The Pope has desired to end his visit precisely in the place where he began his priestly life 55 years ago, when together with his brother Georg he was ordained to the priesthood at the city’s Cathedral.
While the final work of restoration to the Cathedral of Freising will not be finished until the end of November, nevertheless today, just a few hours before the Pope’s visit, the doors of the Shrine will be opened to receive the Holy Father. Here he will meet with permanent deacons and the clergy of the archdiocese for a time of prayer before the altar where the relics of the city’s patron, St. Corbinian are conserved.
The visit to Freising is a great wish of the Holy Father. When then Cardinal Ratzinger was elected Pope on April 19 of 2005, the people of Freising rejoiced in the bond that exists between the city and the person of Benedict XVI. However, at the news of the election, the mayor of the city, Dieter Thalhammer, knowing that the Pope is very uncomfortable with publicity because he once told him so, told the city’s press and population to avoid any exaggeration in the many circulating news stories.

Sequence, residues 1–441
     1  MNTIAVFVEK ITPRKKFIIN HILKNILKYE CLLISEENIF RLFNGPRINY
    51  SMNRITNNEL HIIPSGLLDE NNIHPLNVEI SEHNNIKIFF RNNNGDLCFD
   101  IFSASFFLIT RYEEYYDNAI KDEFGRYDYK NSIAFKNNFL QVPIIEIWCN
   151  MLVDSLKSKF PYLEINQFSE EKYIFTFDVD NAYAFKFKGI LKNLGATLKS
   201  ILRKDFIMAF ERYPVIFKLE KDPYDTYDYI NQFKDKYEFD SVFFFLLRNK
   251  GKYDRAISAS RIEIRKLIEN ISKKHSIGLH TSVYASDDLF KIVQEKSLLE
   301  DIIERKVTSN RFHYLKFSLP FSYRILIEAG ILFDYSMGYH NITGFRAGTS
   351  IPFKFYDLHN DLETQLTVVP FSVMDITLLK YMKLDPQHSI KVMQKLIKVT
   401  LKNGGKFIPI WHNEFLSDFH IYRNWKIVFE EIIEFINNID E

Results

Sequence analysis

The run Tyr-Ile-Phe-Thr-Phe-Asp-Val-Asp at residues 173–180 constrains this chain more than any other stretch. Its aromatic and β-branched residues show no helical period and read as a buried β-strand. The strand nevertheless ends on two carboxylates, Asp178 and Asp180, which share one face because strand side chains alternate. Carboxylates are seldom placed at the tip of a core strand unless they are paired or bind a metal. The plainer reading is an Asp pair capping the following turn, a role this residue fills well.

In 1945, an 18 year-old Ratzinger entered the seminary in the city. He studied philosophy and theology, eventually being ordained in 1951 together with his brother Georg and 42 other men.
“It was a bright summer day, which I treasure as one of the most unforgettable moments of my life,” the Holy Father wrote in his autobiography. It was also at the seminary in Freising where he began his life as a teacher, assuming the classes on dogma and fundamental theology.
During his stay at the seminary as professor, he lived at his parents’ home located nearby and next to the Church of St. Benedict. He would remain there 14 years, until he was called to be professor of Theology in 1959, at the University of Bonn. Later he moved on to teach at the University of Tübingen and then the University of Ratisbona.
The close ties between the Holy Father and Freising are also officially apparent: on his papal coat-of-arms appears a crowned Moor and a bear wearing a pack-saddle—both traditional symbols of the Archdiocese of Munich and Freising.
The bear refers to the legend of St. Corbinian. It is said that while he traveling to Rome a bear mauled his pack animal. The saint then rebuked the wild beast, and commanded the bear to carry his packs to Rome. Once he arrived there, however, he let the bear go, and it lumbered back to its native forest.
.- Until just a few days ago, the Marian Cathedral of Freising, with its baroque ornamentation, was full of scaffolding and covered in dust. Today it shines in all of its splendor once again to welcome Pope Benedict XVI, a much anticipated break for the city and one which will forever mark its history.